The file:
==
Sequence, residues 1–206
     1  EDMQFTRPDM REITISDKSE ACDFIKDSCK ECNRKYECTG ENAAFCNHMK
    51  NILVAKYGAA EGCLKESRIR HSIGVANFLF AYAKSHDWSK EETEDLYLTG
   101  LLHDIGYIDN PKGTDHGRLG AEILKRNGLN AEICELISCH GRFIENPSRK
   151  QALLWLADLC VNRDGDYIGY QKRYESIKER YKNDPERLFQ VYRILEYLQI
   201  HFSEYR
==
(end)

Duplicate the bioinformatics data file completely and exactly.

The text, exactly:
Sequence, residues 1–206
     1  EDMQFTRPDM REITISDKSE ACDFIKDSCK ECNRKYECTG ENAAFCNHMK
    51  NILVAKYGAA EGCLKESRIR HSIGVANFLF AYAKSHDWSK EETEDLYLTG
   101  LLHDIGYIDN PKGTDHGRLG AEILKRNGLN AEICELISCH GRFIENPSRK
   151  QALLWLADLC VNRDGDYIGY QKRYESIKER YKNDPERLFQ VYRILEYLQI
   201  HFSEYR